Looking ahead in 2015

Dear All

I had hoped that this would appear a little earlier in the year but I am confident that many of you are familiar with the demands of term time life! I hope this finds you well.

I just wanted to take this opportunity to draw your attention to some events that may be of interest to you.

Firstly, after a very successful Contemplative Pedagogy Symposium at Emerson College in November 2014 we have started making plans for our next event. Although the details are yet to be confirmed the dates are: 12th-14th June 2015 at Emerson College in East Sussex, UK. Arrival is from 4.30pm onwards on the Friday, leaving after lunch on the Sunday. The focus of the weekend will be on exploring different ways of utilising contemplative practice in education. There will be lots of opportunity for discussion and sharing as well as engaging in contemplative practice.  We hope that the weekend will lead to increased confidence in utilising contemplative pedagogy in the classroom and lecture hall; a deeper awareness of what it is and it’s value; and stronger connections with others who have similar ideas about teaching.

We aim to keep costs as low as possible – we hope that it will be below £240 including accommodation and food.

As the plan for the weekend develops I may well be looking for volunteers to run sessions about their experience of using contemplative practice in the classroom. I will let you know.

So please pencil this event into your diaries and I will let you have more details in due course.

Secondly, I received an email from Amir Freimann, who is based in Israel, several months ago and we have since spoken on Skype. He is working on a project called the Teacher’s Path, which explores the potential of teaching as a path of personal development and growth, and as part of this he has organised a week long retreat for teachers in Israel in April 2015. Unfortunately I cannot make the retreat but the work he is doing is very interesting. Do take a look.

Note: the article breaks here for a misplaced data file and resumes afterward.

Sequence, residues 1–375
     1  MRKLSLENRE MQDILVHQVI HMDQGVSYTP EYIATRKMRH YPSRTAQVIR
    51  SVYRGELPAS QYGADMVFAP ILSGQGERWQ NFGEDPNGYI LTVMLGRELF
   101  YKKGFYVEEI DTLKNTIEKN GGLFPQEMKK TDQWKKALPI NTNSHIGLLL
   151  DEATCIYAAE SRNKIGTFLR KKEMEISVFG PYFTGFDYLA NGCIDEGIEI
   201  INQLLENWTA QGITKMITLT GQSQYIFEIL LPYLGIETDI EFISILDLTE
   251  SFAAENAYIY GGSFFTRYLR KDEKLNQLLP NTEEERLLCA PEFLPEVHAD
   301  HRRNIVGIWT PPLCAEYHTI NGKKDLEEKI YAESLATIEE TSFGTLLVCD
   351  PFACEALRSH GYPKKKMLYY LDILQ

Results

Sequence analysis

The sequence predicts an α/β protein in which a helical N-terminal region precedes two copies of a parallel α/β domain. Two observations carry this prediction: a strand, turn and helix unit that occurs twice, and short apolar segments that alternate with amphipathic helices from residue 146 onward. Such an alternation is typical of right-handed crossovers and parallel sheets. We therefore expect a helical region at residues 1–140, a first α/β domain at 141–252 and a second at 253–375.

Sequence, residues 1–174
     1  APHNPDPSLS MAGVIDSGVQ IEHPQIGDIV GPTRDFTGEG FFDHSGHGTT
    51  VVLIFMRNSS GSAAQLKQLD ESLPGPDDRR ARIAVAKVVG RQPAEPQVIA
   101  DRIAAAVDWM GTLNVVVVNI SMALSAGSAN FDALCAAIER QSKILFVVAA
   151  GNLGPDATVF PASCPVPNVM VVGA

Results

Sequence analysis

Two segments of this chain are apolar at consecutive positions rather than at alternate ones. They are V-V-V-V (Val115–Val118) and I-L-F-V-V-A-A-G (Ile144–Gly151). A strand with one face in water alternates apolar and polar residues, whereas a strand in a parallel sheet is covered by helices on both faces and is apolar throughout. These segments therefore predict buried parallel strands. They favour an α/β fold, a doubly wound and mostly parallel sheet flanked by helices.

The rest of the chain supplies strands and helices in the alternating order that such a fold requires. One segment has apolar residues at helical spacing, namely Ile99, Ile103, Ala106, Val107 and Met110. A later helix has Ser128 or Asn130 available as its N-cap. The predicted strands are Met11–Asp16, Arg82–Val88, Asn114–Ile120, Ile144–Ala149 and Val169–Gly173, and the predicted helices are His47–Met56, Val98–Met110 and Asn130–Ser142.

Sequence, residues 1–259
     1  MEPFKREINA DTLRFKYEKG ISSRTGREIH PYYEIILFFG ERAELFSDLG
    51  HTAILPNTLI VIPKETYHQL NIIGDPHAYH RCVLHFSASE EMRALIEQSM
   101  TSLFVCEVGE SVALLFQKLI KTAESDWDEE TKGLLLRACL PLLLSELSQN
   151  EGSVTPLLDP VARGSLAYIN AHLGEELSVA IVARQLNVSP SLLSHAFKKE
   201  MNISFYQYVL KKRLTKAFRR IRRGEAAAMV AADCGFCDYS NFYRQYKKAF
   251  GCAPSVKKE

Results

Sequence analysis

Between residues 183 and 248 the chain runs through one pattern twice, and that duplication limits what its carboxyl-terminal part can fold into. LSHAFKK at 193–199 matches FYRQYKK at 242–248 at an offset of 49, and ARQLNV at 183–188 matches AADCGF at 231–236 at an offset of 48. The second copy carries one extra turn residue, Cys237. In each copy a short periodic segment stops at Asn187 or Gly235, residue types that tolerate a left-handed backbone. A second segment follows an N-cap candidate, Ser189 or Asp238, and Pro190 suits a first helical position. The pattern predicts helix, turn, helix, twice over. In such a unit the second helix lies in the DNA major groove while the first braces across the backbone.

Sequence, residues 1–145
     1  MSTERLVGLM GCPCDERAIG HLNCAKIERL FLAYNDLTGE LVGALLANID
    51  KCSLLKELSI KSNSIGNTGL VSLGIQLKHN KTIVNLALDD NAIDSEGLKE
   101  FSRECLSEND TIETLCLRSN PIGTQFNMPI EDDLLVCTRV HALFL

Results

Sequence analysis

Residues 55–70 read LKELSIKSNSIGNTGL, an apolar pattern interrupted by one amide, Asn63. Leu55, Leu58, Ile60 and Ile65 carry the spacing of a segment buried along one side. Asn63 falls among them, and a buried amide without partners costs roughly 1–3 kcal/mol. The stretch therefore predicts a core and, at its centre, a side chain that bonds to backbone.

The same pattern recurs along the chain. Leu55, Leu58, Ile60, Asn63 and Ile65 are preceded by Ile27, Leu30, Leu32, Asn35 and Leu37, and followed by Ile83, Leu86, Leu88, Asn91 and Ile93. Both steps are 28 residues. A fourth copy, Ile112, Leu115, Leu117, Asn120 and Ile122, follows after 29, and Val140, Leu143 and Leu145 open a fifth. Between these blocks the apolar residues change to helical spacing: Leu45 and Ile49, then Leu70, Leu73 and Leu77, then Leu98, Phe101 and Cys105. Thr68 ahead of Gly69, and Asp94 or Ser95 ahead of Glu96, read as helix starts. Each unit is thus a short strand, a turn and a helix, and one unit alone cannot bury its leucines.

Just a reminder that if you would like to write a short blog (up to 600 words) I’d be happy to receive your contributions. This might be describing activities you are doing in the classroom, reflecting on your experience of utilising contemplative practice in your teaching or perhaps a book review or suggestions of useful resources.

I think we can learn alot from each others experience, especially in an area as undeveloped and unexplored as this one. Remember too that you can also use the email list to ask questions or explore pertinent issues. If you are not signed up for the email list let me know – barrattc@essex.ac.uk and I will add you.

With warm wishes


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